If you’ve gotten to know me, you know that I’ve a great distrust for western medicine and a firm resolve to eat local, fresh, and organic as much as possible. These beliefs have been growing stronger over the past 10 years, but this is going to be my ultimate litmus test. For quite a while, I viewed food simply as a hedonistic pleasure, but as I began to read more, I dropped prescription and over-the-counter drugs, and I started looking at food as more of a fuel, and even as medicine. (Both curative and preventative.) Now, more than ever, I’ll be able to see first-hand if my suspicions have been correct.
The Gerson Therapy is carried out at home for one and a half to two years, but there is a clinic in Mexico where patients can go to learn the ropes and help get them on their way. After sending in my mom’s latest blood tests, results from PET scans, and a long application form, we learned that we got in, and we’ll be heading down to TJ on March 15 for three weeks to begin treatment. “We?” Yes, we. A companion comes along to absorb all the information and learn how to help out, since patients are expected to go through a bit of discomfort as the diseased tissues and toxins begin working their way out of the body. I’ve gladly moved her in to my little place, and will be helping as much with the recovery process as I can.
I’ll be updating my blog with her how she’s doing, my observations, and any changes I see in either of us, as I’ll largely be sticking with the prescribed dietary changes too.
Dolla Dolla Billz Y’all
As one might imagine, this type of treatment costs a pretty penny. Luckily, I’ve put a few pennies aside from my book sales, and both mom and I have been fortunate enough to be on the receiving end of some inheritance, so it’s something that we are able to afford. Not without batting an eye, mind you, but we’ve looked at it and thankfully, it’s doable. Beyond the cost of all that produce, there is a super special pricy juicer we had to pick up, and there will be some other equipment costs. Plus, the clinic visit will be costing us $5,500 per week.
Knowing my friends like I do, and likewise how I’d feel if I came across a post such as this on one of their blogs, I’m guessing that “What can I do to help?!” is on some of your minds. Well, you’re awesome for asking. Truth is all we need is your positive thoughts and well wishes. I’m not here to ask for donations on our behalf; as mentioned before, as rough as the prognosis is, we still count our lucky stars that we’re able to finance this experiment with nature and see if it can’t get my mom into better health than she’s ever seen before. (That 20-60% chance of a four to five year life expectancy is for the birds… she’s got a lot more living to do, and we’re convinced this is her ticket to a second act.)
The American Cancer Society estimates that 1 in 2 males and 1 in 3 females will develop cancer in their lifetime. 1 in 4 males and 1 in 5 females will die from it. Radiation and chemotherapy can no longer be the way we look at treating these diseases. Sure there are some success cases, and I couldn’t be happier for anyone who’s managed to dodge this most unfortunate bullet. But the system of western medicine and pharmaceuticals that dominates our thinking has to be reevaluated. Many folks don’t even know that alternative treatments exist, or when they learn of them, they’re dismayed to find that most doctors won’t prescribe them because industry-funded studies discredit them and insurance companies refuse to fund them.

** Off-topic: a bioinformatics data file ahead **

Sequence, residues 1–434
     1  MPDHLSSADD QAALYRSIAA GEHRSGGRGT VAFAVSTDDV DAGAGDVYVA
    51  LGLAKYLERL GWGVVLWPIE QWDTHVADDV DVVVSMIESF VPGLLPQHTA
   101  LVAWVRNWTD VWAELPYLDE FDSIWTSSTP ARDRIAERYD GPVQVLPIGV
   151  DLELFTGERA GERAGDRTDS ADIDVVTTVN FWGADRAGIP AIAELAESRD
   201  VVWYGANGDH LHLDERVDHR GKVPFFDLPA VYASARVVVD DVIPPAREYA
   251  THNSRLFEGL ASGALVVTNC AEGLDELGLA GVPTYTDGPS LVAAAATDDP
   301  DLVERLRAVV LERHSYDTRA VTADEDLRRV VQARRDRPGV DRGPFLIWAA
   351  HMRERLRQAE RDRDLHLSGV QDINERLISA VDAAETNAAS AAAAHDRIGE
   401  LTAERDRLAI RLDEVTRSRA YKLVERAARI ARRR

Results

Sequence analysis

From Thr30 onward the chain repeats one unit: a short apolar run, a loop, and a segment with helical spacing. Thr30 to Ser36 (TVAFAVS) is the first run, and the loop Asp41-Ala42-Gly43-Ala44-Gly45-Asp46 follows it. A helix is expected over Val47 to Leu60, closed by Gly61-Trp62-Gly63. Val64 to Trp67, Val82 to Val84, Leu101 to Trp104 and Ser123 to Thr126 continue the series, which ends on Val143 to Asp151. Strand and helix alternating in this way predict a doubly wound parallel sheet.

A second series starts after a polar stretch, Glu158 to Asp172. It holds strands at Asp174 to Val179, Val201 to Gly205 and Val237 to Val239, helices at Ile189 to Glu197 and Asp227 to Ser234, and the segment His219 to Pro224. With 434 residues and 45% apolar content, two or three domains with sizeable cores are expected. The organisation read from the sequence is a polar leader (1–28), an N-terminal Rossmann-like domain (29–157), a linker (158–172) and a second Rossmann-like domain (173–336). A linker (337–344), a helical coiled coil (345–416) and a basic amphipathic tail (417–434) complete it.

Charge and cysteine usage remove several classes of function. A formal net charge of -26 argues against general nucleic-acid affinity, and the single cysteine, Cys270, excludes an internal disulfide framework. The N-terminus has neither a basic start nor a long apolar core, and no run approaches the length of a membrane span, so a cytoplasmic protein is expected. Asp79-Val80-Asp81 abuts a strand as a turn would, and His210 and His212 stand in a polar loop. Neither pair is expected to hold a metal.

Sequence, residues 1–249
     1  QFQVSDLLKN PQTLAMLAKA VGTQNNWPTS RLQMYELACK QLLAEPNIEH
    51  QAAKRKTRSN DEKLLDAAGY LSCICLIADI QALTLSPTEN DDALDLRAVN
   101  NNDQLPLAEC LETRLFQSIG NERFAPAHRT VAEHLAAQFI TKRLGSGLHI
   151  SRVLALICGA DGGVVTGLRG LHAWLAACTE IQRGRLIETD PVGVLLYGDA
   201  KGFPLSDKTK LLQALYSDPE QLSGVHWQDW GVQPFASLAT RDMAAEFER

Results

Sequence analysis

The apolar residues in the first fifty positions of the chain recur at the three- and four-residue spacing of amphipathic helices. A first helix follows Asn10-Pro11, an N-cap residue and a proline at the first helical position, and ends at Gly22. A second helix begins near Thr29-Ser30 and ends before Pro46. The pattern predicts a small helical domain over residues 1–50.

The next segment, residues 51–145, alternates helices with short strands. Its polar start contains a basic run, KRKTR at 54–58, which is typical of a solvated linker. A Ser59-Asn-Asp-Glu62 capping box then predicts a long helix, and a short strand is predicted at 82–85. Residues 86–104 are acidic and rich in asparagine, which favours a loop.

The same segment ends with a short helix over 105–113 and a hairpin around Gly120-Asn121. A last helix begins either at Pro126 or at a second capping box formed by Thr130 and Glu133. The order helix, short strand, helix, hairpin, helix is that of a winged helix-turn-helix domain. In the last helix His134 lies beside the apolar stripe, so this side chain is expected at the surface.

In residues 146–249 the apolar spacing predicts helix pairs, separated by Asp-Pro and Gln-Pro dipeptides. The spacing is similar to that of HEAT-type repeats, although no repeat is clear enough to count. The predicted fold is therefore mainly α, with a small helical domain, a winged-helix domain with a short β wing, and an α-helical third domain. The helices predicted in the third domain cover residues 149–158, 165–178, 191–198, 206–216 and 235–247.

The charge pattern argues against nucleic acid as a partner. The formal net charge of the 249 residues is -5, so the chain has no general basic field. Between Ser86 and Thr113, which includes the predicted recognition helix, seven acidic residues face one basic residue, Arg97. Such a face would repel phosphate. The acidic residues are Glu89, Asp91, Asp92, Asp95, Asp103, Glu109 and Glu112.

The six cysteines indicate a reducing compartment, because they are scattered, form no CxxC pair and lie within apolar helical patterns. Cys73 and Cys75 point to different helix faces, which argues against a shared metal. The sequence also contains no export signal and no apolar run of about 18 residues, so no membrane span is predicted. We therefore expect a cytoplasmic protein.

Shut Up and Take My Money
For any of you that already had your wallets out, there is a way you can help. I’ve set up a fundraiser page to… well, raise funds… but not for us. This is for others who are less fortunate. Those who’ve been told to go home, take care of their affairs, and get ready to die. The Gerson Institute has, can, and will continue to help these people when western medicine has failed them. But as mentioned before, not everyone can afford these treatments, and they are not covered by insurance. My goal is to raise $11,000, which will cover one person’s two-week stay at the Gerson clinic in Mexico. (Raising more would also be OK. Just sayin…) Using the site Crowdrise.com, we’re able to harness the power of crowdsourcing funds, all of which will go DIRECTLY to the Gerson Institute—a 501(c)(3) nonprofit organization—to help a future patient who is unable to afford this care. Check out that widget over on the top right of this page to see how we’re stacking up so far.
Not a single cent ever touches my hands or goes through me; it’s straight from you to Crowdrise to Gerson. I am but a mere conduit for the change I wish to see, but I vow to work to raise these funds however I can, no matter how long it takes. If you or someone you know has been affected by cancer, become a member of the team and help raise funds in their honor. (We’d also be more than glad to exceed our goal with your help!) Many thanks in advance for any amount you’re able and willing to give for some stranger in need. You never know when you might need a few extra karma points!
If you’re unable to give financially but still want to help, simply keep us in your thoughts or leave an encouraging note for my mom here in the comments. Her spirits are good, but I don’t doubt she has some rough days ahead of her, and I’d love for her to be able to pull strength from your uplifting support. Another simple (free) way to help is to share this with your circles, to bring more awareness to alternative therapies and treatments.
If you’d like to learn more on your own, there’s a good amount of information on the Gerson Institute website, or you can watch The Gerson Miracle free on YouTube or through Netflix. (It’s a little bit of a fluff piece, but still very informative. Food Matters is another great documentary worth checking out.) Big thanks in advance for anything you’re able to do. I’ll be sure to update here regularly on her progress and on what we find while practicing the Gerson Therapy. Until then… be well!
If you’d like to support this fundraiser and help others who aren’t able to afford looking into life-saving alternative cancer treatments, a) you’re awesome, and b) you can do so by clicking HERE. It’ll only take a moment of your time, and you’ll earn some damn good karma points in the process. Kudos and sincere thanks be to you.